January 27–April 15, 2016
Opening: Tuesday, January 26, 7pm
Corso di Porta Nuova 38
Hours: Monday–Friday 10am–7pm,
Saturday by appointment
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Cardi gallery in Milan is pleased to present Sol LeWitt. On display is a selection of 13 works from the ’60s to the 2000s.
Sol LeWitt (b.1928, Hartford, Connecticut; d. 2007, New York) is a leading figure of Minimalism and pioneer of conceptual art. Redefining art production by exploring ideas rather than conventional aesthetics, he distilled art to its essentials. Based on mental structures and concrete visual structures, his work was characterized by a constant spirit of inquiry, resulting in unquestionably and invariably original work. In his long artistic career, LeWitt managed to achieve a perfect balance between perceptual and conceptual quality, between the simplicity of geometric order and the search for beauty and intuitive creativity.
LeWitt was pivotal in the creation of the new radical aesthetic of the 1960s that was a revolutionary contradiction to the Abstract Expressionism current in the 1950s and ’60s New York school. He overturned the conventional rules of artistic practice and of the material production of artworks, dismissing, with his conceptual approach, notions of non-repeatability and of the importance of manual ability, attributing absolute priority to the idea: “The work is the manifestation of an idea. It is an idea and not an object.” In LeWitt’s view, his work was not essentially a manual practice but was first and foremost a question of producing a pure, platonic idea, which could then be handed over to someone else for material execution, provided his instructions and the intentions of his idea were respected. In 1967, after taking part in the show at the Jewish Museum in New York, he wrote “Paragraphs on Conceptual Art.” “If the artist carried through his idea and makes it into visible form, then all the steps in the process are of importance. The idea itself, even if not made visual, is as much a work of art as any finished product,” stated LeWitt. “All intervening steps, scribbles, sketches, drawings, failed work models, studies thoughts, conversations, are of interest. Those that show the thought process of the artist are sometimes more interesting than the final product.” (LeWitt, “Paragraphs on Conceptual Art,” Artforum, Vol.5, no. 10, summer 1967, pp. 79–83). This “making an idea the work” has meant that the output of this magnificent American artist can now be found around the world—in leading museums, public buildings, private homes, foundations and even in remote universities.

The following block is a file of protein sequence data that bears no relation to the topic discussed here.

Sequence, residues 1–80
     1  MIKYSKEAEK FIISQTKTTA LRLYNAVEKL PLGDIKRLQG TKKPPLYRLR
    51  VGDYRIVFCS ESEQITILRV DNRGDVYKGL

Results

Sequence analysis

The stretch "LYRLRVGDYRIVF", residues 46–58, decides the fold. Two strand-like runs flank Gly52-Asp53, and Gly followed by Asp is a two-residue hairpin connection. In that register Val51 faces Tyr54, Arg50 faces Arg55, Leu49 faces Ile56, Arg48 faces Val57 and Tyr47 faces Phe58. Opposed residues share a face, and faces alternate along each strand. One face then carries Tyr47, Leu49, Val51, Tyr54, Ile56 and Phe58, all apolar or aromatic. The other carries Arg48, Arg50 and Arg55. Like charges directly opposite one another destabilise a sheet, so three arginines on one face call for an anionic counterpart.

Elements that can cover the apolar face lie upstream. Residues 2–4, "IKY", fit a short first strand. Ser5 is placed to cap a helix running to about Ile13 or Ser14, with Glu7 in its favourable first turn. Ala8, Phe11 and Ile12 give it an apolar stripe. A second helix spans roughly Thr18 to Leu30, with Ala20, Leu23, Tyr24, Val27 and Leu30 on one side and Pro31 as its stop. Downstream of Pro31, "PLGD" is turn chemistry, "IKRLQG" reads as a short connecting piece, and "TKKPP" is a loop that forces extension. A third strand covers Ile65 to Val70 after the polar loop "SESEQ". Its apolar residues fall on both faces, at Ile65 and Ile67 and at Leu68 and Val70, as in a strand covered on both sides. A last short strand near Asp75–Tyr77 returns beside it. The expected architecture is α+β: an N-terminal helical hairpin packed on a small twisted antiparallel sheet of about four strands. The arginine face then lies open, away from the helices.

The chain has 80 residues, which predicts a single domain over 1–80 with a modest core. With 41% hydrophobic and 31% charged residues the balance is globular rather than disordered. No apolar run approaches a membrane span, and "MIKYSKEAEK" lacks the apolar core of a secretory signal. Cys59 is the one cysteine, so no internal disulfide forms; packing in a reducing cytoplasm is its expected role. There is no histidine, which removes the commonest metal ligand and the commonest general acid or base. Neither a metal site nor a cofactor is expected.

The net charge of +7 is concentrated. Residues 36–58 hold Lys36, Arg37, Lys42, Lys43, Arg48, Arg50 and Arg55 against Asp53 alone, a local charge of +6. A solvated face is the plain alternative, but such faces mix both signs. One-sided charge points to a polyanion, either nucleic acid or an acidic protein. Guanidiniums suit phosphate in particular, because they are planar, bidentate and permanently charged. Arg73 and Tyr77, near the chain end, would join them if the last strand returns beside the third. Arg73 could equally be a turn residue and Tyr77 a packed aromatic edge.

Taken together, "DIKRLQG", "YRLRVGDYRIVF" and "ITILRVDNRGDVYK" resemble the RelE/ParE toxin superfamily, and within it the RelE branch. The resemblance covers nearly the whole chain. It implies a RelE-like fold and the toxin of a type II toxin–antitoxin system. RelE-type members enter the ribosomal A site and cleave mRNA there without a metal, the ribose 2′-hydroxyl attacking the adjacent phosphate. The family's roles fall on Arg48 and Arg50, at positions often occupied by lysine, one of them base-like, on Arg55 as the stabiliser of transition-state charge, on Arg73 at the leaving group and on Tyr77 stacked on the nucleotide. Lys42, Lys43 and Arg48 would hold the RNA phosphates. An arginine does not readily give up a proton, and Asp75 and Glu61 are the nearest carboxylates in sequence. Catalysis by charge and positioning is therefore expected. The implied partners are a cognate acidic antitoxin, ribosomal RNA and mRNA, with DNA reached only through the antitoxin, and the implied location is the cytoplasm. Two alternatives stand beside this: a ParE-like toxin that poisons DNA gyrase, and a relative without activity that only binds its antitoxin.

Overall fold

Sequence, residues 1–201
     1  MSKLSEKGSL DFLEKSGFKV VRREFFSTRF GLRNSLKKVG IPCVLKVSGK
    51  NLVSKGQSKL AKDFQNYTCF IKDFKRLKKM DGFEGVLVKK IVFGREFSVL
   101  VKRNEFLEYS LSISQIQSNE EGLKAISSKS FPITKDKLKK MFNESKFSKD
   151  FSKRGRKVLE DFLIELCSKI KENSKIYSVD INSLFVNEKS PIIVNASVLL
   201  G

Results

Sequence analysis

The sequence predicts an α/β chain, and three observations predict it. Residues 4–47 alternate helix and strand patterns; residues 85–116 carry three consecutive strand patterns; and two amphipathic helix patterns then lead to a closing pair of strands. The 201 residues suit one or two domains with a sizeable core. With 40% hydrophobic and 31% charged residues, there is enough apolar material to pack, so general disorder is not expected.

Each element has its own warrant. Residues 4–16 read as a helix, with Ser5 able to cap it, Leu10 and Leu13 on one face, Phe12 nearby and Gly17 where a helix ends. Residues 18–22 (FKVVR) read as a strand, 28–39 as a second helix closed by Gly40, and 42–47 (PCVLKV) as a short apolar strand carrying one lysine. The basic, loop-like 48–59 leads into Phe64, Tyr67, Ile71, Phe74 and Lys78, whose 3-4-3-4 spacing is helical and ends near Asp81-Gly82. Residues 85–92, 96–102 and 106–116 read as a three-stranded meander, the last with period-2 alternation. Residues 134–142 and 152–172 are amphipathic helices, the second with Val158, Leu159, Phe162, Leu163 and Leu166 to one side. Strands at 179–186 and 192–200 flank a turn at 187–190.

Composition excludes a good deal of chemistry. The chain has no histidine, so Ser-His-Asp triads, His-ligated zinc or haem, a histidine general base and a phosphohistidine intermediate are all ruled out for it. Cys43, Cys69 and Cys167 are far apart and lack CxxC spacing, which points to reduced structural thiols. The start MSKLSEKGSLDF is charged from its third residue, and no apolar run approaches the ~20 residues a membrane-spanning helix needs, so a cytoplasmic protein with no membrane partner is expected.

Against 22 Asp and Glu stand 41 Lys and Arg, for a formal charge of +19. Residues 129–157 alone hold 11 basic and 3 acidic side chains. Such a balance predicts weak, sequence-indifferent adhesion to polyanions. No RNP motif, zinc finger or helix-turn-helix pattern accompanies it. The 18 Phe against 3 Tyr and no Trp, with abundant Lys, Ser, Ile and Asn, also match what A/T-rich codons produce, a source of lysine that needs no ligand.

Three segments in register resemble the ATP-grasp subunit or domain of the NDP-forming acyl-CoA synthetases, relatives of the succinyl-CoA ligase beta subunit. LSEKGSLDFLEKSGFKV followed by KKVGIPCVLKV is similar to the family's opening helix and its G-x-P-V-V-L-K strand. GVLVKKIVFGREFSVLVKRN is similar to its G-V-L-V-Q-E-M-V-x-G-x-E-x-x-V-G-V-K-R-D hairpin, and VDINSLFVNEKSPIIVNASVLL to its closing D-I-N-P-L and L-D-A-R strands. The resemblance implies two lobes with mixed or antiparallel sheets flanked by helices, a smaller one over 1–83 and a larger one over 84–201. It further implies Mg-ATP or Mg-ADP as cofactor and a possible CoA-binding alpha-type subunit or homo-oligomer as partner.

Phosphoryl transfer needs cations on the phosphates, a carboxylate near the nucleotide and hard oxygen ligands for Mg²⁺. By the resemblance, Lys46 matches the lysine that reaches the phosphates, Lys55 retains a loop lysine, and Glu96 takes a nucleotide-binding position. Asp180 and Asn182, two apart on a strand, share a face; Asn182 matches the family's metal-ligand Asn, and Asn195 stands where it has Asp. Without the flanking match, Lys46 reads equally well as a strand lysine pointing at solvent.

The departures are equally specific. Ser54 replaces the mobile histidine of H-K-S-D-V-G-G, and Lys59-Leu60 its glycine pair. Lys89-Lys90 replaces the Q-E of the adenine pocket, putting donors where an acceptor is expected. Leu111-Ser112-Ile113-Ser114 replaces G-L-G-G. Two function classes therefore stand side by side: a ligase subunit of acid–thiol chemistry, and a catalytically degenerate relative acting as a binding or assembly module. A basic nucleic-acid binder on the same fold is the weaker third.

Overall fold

The first part of the masters’ artistic production was Minimalist and pivoted around the geometric figure of the cube: in order to be able to activate and utilize “form” as a “means,” LeWitt elected to work with basic shapes, such as cubes (whether solid, open or skeletal) and lines, that might function as modules, elements that are at once independent and interdependent, a visual lexicon always subject to LeWitt’s artistic syntax and grammar. By the same token, LeWitt’s “concepts” were generally quite simple (“ludicrously simple,” in LeWitt’s own estimation), consisting, for instance, of simple numeric progressions or sequences of colour combinations. The visible, tangible, results, however, the delicate lattices, the muscular installations, the mind-boggling and genre-breaching series of permutations, were not simple at all, but rather beautifully complex and complexly beautiful, delights for both the intellect and the eye, often achieving what Smithson referred to as “intersections with infinity.”
In 1968, LeWitt began to conceive sets of guidelines or simple diagrams for his two-dimensional works drawn directly on the wall, executed first in graphite, then in crayon, later in colored pencil and finally in chromatically rich washes of India ink, bright acrylic paint, and other materials. In the 1980s, in particular after a trip to Italy, LeWitt started using gouache, an opaque water-based paint, to produce free-flowing abstract works in contrasting colours. These represented a significant departure from the rest of his practice, as he created these works with his own hands. LeWitt’s gouaches are often created in series based on a specific motif. The structural principle of LeWitt’s artistic production is the ars combinatoria: cubes, circles, triangles, pyramids and lines, or, as in this case, rectangles and parallelograms are dismantled, reiterated and modulated according to standardized spatial proportions and combined in new ways. The artist reinvented the artistic process, playing on the variability and intermittency of the geometric structures that underpin Western notions of space.